Mumbai: State's first one-stop 'Nirbhaya' centre at KEM hospital by Jan-end

Dec 08, 2018, 14:05 IST | Rupsa Chakraborty

However, bureaucratic apathy resulted in the four-year delay in finally getting the space to construct the centre at KEM

Mumbai: State's first one-stop 'Nirbhaya' centre at KEM hospital by Jan-end
A bed at the centre

After a four-year delay, Maharashtra is finally set to get its first one-stop crisis centre by January. The civic-run KEM hospital has begun construction of what will be called a Nirbhaya Centre in two phases, in a 1,500-sq feet area inside the hospital premises. Victims of sexual abuse can directly approach this centre without going to the police station to file a complaint.

They would only be assigned numbers, without any names in the patient files, to protect their identity. With this, KEM will also become the first civic-run hospital across the country to procure a R11-lakh Colposcopy machine only for clinical forensic investigation of such victims. The Union Government had passed an order in 2014 regarding opening of a Nirbhaya Centre in every district across the state as a tribute to the victim of the December 16, 2012 Delhi gang-rape case. These centres would act as a one-stop facility for all kinds of aid to victims in distress including medical help, counselling, legal and police assistance, while ensuring anonymity for them. However, bureaucratic apathy resulted in the four-year delay in finally getting the space to construct the centre at KEM.

Construction of Nirbhaya Centre is likely to be completed by January end
Construction of Nirbhaya Centre is likely to be completed by January end

A 15-year-old girl was last month found in an unconscious state at the Dadar station; she had been raped. She was separated from her parents due to the crowd and couldn't navigate her way back home as was suffering from a mental disorder. She was found in the morning by Railway Police officers and taken to KEM hospital. After gaining consciousness though, she panicked and needed counselling before she could recollect the incident.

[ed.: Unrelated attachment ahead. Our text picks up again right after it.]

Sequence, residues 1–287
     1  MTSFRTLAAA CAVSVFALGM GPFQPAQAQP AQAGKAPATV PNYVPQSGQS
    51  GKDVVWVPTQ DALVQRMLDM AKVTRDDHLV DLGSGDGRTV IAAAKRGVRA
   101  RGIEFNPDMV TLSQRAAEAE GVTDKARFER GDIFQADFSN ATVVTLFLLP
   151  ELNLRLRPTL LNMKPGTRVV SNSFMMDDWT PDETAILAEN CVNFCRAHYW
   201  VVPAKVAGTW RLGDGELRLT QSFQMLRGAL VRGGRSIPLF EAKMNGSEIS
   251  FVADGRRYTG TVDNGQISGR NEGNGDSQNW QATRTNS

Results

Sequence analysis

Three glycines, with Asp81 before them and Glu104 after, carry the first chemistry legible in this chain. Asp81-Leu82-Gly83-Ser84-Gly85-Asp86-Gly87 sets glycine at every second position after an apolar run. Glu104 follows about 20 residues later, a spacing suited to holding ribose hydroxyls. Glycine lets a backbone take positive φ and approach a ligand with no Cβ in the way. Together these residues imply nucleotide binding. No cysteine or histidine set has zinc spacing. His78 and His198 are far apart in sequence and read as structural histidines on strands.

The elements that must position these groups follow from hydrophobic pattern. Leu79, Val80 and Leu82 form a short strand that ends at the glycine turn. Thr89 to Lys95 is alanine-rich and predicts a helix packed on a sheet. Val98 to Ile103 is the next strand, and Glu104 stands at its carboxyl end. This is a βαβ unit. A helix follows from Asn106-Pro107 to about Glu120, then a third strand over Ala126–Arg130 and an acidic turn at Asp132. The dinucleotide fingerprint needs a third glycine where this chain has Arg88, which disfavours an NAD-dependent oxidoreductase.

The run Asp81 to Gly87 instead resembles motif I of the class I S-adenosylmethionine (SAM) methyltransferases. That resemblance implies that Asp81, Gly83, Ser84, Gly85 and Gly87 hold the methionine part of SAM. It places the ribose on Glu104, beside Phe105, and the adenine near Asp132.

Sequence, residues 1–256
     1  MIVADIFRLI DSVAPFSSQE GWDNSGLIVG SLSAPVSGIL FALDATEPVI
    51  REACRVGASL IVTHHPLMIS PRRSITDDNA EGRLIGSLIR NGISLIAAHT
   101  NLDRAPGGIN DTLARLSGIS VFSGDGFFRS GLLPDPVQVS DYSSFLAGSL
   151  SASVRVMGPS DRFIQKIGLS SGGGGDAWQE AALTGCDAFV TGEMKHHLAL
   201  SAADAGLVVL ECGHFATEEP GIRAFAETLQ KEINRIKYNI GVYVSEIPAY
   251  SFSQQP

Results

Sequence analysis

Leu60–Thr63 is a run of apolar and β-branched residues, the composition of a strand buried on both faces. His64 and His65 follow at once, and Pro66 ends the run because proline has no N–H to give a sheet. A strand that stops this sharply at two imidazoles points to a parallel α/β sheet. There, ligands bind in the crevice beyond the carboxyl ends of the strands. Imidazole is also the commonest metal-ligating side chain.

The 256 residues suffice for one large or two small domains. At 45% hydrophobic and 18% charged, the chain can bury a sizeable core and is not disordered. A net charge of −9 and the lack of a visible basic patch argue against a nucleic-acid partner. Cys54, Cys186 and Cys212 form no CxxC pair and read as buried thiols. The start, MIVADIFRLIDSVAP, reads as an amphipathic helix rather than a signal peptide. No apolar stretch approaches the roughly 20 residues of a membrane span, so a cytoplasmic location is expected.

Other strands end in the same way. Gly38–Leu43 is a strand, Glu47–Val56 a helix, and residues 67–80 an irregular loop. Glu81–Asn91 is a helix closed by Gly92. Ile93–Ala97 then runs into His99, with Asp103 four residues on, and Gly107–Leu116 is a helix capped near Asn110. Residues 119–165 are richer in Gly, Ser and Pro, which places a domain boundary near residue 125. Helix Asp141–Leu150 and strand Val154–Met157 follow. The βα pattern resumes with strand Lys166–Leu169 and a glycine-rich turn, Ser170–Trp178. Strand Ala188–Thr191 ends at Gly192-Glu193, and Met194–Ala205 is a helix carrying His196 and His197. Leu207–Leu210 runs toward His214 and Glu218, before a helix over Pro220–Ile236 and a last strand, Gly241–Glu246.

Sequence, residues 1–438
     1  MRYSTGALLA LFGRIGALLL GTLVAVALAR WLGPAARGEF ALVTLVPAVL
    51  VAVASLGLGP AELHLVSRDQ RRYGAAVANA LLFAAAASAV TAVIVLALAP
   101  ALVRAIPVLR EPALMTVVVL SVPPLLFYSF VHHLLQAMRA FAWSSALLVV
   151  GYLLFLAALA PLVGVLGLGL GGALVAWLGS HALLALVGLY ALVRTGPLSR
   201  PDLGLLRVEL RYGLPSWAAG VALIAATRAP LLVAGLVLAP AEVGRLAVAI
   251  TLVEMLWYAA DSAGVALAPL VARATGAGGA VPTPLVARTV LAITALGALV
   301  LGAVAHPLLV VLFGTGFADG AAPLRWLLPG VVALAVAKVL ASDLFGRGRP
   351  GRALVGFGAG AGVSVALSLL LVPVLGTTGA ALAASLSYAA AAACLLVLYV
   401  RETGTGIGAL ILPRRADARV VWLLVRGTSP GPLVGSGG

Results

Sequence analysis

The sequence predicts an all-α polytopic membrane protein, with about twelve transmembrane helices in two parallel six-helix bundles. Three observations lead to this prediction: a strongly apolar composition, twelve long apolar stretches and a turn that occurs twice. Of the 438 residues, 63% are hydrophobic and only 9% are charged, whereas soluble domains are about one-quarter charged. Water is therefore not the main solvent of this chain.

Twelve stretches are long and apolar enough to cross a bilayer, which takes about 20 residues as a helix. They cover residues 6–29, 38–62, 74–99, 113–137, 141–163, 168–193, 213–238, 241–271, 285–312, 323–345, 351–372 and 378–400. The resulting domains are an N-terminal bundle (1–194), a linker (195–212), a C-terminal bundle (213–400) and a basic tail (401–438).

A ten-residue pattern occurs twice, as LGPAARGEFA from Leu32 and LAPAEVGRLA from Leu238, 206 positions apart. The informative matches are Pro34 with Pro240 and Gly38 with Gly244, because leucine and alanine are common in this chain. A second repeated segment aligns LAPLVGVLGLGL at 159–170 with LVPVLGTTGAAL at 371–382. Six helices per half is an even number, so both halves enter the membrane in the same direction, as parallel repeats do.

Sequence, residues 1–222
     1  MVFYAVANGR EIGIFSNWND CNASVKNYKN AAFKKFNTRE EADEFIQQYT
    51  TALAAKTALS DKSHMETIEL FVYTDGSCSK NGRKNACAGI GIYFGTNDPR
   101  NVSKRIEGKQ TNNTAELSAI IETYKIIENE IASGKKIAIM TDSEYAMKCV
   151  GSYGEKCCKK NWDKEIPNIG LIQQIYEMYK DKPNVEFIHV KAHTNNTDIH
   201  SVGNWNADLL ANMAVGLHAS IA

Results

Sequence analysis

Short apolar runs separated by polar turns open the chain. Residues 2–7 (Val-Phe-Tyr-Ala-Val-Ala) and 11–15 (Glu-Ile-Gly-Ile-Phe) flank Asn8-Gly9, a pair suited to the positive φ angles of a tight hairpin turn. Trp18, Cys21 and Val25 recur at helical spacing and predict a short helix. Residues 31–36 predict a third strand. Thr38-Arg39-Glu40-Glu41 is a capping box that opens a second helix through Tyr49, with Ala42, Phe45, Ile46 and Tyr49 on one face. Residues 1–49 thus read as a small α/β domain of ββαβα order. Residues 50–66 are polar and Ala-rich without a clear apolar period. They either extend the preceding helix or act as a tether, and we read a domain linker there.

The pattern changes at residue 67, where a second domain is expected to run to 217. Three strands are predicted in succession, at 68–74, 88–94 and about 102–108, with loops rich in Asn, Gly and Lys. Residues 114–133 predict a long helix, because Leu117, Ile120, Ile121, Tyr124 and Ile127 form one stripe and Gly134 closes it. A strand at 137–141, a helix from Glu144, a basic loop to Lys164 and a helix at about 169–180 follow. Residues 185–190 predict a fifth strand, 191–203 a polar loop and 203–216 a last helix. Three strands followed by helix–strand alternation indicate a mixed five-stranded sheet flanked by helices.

"We get many patients who need counselling before they can get comfortable and record any statements. So we decided to make the Nirbhaya Centre at a secluded place near the psychiatry department," said Dr Ravindra Devkar, assistant professor at the Forensic Department of the hospital. This is the first time in India that a Nirbhaya Centre is being constructed under the supervision of the forensic department of a civic hospital where a clinical forensic examination would also be conducted. The construction of the centre that began in August would mostly be completed by January end. BMC commissioner Ajoy Mehta is directly supervising its progress.

The Centre
In the first phase, a 300-sq ft OPD (Out Patient Department) has been constructed near the trauma centre for initial examination. The patient would then be taken to phase II which has a temporary bed strength of five. "We have divided it into two parts for better supervision and treatment. All specialists from gynaecology, medicine, psychiatry and forensic departments would examine the patients in the OPD and trauma centre. They would then be shifted to the room inside. Generally, it takes 48 hours to calm them down. Once that is done, we will shift them to other departments," said Dr Devkar.

The OPD has a modified bed with bright LED lights for examination. The colposcope will show minute vaginal wall injuries. "It will help in better examination and thus in providing more solid evidence to the police," said Dr Harish Pathak, head of Forensic Department at KEM Hospital. With this centre, victims can avoid the challenge of filing a police complaint. "Women can directly approach us. We would examine them at the centre and inform the police who too will take the statement in the presence of our experts," said Dr Hemant Deshmukh, KEM hospital dean. Also, to tackle the issue of identification, "there will only be numbers in the patient files." "Apart from this, the centre will be guarded and no one will be allowed to go inside," said Dr Sachin Patil, associate professor at the Forensic Department.

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